American University student Mei Tomko has a large role to fill as the Asian American Student Union’s Advocacy Chair this semester. The sophomore international studies major realizes the value of her role and the importance of inclusivity on AU’s campus.
“This semester we really want to focus on bringing our advocacy work to a more international, broader scale,” Tomko said about her role in the organization. She spoke of organizing an open dialogue with members of AASU and hosting a book club to facilitate the necessary discussions of race, identity and inclusivity. “Last semester we focused on a lot of Asian American issues, but this semester we want to bring it a little broader and focus on various issues impacting our country.”
Among those issues facing our country, Tomko specifically pointed out that political polarization is the issue that she feels is most important regarding the country. With so many different political leaders who all have many opposing viewpoints, it shows how disjointed and separate she feels the American leaders are on critical topics.
“I feel like both parties, from what I’ve seen, clearly see that there’s some sort of issue and want to address it, but I realized after watching the RNC and the DNC, I’m just trying to keep up with all of the different candidates and everything they’ve been talking about from all different sides,” she said.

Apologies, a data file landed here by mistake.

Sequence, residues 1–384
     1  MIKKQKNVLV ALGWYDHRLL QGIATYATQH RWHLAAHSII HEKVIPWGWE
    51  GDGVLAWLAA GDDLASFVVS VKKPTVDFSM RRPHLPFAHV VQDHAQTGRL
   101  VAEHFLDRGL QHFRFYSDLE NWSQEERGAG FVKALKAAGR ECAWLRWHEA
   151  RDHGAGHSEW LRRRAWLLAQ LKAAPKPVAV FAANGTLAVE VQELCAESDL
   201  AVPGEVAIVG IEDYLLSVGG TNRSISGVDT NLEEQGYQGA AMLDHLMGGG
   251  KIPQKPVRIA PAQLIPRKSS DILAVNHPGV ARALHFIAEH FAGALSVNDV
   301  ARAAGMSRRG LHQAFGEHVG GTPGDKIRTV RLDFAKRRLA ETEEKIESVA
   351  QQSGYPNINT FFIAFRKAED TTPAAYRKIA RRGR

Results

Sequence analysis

Tomko also values her identity as a transracial Asian American adoptee and how that issue of finding her place among the social justice movements is impacted in her everyday life. “I was raised in a very rural white town in Pennsylvania with very few POC in my community, and then going away to DC and then coming back to try and talk about these subjects with my white family members is definitely a lot,” she said regarding these problems that face her own life.
While American University has faced these larger concerns regarding race and culture head on with the addition of the AUx freshmen seminar, Tomko believes that the course serves as a coverup for the larger issues that are more difficult for the University to face. She suggested more academic flexibility within majors and types of courses being offered in order to cater toward South Asian students’ requests to be more represented in courses.
While Tomko will be voting in this upcoming election via absentee ballot, she is unsure of how well politicians will be able to confront the issues most important to her, but her work as AASU Advocacy Chair will reflect the areas in which she feels her members need support.